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What Oracle’s Acquisition of Maxymiser Really Means

By Martin Kihn | September 22, 2015 | 3 Comments

It’s not what you think.

Now that the dust has settled on one of the quietest marketing technology acquisitions of the year – that of Maxymiser by Oracle on August 20th – it’s time to pause and ponder what it means. Because Oracle has gone from zero to sixty-five in the mad-tech arms race more rapidly than anyone anticipated. (Mad-tech is my own combination of the phrases “marketing technology” and “advertising technology.” You’re welcome.) So it has got to tell us something.

And it does.

First, it tells us that mainstream journalists covering our space still do not know much about it. The Wall Street Journal headline was: ”Oracle to Acquire Mobile-Marketing Startup Maxymiser.” Now, whatever Maxymiser is – and it is many things, which we’ll get to – it is neither particularly mobile nor, in fact, a startup. (It was founded in 2006, and its charming British founder Mark Simpson told me it was profitable last time I spoke to him.)

And the redoubtable Business Insider launched a squib called “Why Oracle just bought a marketing company called Maxymiser” that included only eleven words on, well, why Oracle just bought a marketing company called Maxymiser. They were: “Chief Marketing Officers now command huge budgets for tech and software.” So there.

Second, it tells us that customer experience has won. What do I mean?

Let me set up my reveal by laying out 9 Business Insider-sized factoids about Maxymiser:

  1. It was founded by Brits and based largely in Europe until last year, when it invaded New York City as a beachhead in its westward march
  2. You can tell is was founded by British people by looking at the way they spelt “Maxymiser”
  3. It emerged a decade ago as a fiery competitor to Offermatica and Optimost, both of which were acquired by big companies with big marketing ambitions (Adobe and HP, respectively)
  4. So it is firmly in the A/B and multivariate (MVT) testing space
  5. Maxymiser’s main competitors in the larger leagues are Adobe (via the Target product), Salesforce (Web Predictions), IBM (Digital Analytics and Content Recommendations), HP Autonomy (Optimost) and Webtrends (Optimize)
  6. Among smaller players, it is flanked by Optimizely and Monetate, which offer SaaS-based testing and site personalization that is also easy to use
  7. In particular, Optimizely changed the game for testing and optimization by having clear pricing, point-and-click tweaks, easy integration with Google Analytics, permissioning, a free trial, actual self-service useability, and so on
  8. Unlike Optimizely, Maxymiser is definitely focused selling to the enterprise, with 300-odd clients clustering around those areas most interested in improving the conversion rates of things they sell on their websites – that is, retail, travel, finance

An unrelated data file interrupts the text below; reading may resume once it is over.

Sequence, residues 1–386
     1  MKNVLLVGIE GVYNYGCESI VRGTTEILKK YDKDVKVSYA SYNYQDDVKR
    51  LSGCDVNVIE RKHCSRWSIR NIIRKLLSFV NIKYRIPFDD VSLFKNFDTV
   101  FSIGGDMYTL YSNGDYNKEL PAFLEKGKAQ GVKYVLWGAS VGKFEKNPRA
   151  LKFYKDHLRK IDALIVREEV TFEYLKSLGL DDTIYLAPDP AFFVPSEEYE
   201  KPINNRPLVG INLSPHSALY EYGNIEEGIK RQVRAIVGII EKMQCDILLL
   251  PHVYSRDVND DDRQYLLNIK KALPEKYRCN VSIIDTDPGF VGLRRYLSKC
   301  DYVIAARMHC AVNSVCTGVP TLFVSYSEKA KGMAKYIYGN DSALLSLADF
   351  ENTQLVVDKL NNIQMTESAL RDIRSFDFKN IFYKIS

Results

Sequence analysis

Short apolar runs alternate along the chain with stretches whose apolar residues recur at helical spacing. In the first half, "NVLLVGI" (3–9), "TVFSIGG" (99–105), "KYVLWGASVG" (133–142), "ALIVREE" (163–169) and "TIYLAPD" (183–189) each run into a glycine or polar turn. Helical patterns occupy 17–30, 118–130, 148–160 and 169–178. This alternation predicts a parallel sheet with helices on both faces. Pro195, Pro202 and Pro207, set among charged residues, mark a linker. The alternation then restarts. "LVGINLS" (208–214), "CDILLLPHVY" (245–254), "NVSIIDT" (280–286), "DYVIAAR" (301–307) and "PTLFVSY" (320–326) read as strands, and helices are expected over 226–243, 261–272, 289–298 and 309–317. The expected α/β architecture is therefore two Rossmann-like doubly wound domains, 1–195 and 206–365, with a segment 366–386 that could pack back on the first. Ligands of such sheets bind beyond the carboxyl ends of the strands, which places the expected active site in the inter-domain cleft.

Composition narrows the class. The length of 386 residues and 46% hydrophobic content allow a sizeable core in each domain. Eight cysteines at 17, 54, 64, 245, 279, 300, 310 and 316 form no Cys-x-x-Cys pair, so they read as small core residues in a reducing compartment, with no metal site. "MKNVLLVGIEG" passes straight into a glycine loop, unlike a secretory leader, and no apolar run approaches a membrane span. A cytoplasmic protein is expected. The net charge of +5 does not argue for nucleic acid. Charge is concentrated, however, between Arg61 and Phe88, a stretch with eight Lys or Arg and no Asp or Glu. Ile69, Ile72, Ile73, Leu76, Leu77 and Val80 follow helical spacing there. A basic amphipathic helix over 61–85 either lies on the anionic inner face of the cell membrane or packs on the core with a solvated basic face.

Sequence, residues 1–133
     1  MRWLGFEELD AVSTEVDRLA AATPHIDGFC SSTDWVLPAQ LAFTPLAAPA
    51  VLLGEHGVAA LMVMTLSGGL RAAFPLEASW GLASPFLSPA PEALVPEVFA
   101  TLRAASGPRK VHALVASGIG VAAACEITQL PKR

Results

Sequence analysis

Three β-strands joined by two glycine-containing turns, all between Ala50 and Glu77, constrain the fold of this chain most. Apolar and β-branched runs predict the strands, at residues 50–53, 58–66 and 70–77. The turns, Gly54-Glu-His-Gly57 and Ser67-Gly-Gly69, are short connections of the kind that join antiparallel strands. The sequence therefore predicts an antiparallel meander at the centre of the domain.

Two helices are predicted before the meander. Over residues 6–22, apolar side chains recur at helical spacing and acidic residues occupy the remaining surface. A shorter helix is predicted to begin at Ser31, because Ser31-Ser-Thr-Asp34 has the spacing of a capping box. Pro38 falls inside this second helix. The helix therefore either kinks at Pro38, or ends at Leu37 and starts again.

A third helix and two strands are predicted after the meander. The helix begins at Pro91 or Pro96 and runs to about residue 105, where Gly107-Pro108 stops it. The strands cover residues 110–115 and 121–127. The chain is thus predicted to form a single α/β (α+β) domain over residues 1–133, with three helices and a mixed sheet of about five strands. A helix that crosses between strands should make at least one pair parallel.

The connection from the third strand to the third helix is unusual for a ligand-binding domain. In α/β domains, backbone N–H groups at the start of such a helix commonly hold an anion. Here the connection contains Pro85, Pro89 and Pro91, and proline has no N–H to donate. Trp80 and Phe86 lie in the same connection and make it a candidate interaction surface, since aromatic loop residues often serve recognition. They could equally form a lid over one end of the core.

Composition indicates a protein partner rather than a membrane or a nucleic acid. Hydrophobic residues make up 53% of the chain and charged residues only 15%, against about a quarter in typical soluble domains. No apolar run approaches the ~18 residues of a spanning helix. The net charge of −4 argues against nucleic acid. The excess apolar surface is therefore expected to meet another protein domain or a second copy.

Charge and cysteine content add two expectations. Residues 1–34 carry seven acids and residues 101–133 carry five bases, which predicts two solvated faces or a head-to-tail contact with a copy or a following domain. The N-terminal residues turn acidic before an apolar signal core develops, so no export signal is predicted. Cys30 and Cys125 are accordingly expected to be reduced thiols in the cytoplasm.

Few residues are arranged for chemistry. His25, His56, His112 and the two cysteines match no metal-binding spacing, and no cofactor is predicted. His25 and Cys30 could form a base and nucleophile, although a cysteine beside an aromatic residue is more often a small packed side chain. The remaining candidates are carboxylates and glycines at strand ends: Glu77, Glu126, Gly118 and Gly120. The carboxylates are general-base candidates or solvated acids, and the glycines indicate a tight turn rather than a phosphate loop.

9. Like many enterprise-aimed software products, it comes layered with high-touch professional services which the company claims are an optional nice-to-have and which rumor claims are bit more than that

And for symmetry, one factoid about the deal itself:

  1. Maxymiser gets Oracle’s cloud onto the website — it lets Oracle, at last, touch those magic moments when an individual goes from ad prospect (targeted via ad tech) to customer (targeted via mar tech); it bridges the mad-tech gap

Now, the big reveal. Remember my primary point: Maxymiser was a proud and mighty A/B MVT testing product. Got it?

Let’s examine the press release, issued by Oracle last month. Let’s look at it in the form of a word cloud:

personalization customer experience wordle

Notice anything barmy? Unexpected? Conspicuously inconspicuous? No?

Here’s something: Where are AB and MVT or any other type of testing? Nowhere, that’s where. They’ve been entirely and utterly subsumed by the master meme of customer experience and that, my marketing friends, is exactly what I mean when I say that CUSTOMER EXPERIENCE HAS WON.

So what? Well, for one thing, at least, three formerly respectable, separate marketing tech categories are now officially one. I refer, in order of age, to: Landing Page Optimization, AB Testing, and Personalization. These are all now the same category.

But the currents run deeper than that – so much deeper. Customer experience has become the dominant metaphor for marketing technology as a whole. It is the north star of the mad-tech universe. It is the organizing principle around which marketing- and ad-tech – mad-tech – have converged. This is neither good nor bad, and may be more good than bad. But it’s here. Oracle-Maxymiser proves it.

The Evolution of Personalization

Were I optimizing blog views, I’d have stopped there. But I’m not. I’m not an optimization platform, friends, I’m a blog-reader experience platform – and so, I continue. Let’s indulge in a bit of history mining, consider the morphology of personalization, touch on predictive analytics, and land our ski-doo somewhere in the near future of, say, 2016. Hip?

AB testing has grown up with mar-tech and ad-tech and mirrors its philogony. Its first incarnation tested versions of, say, landing pages against random samples of a single population and declared a winner. This procedure is still used. It’s why you see so many orange “BUY NOW” buttons all over the place – orange buttons won a lot of tests.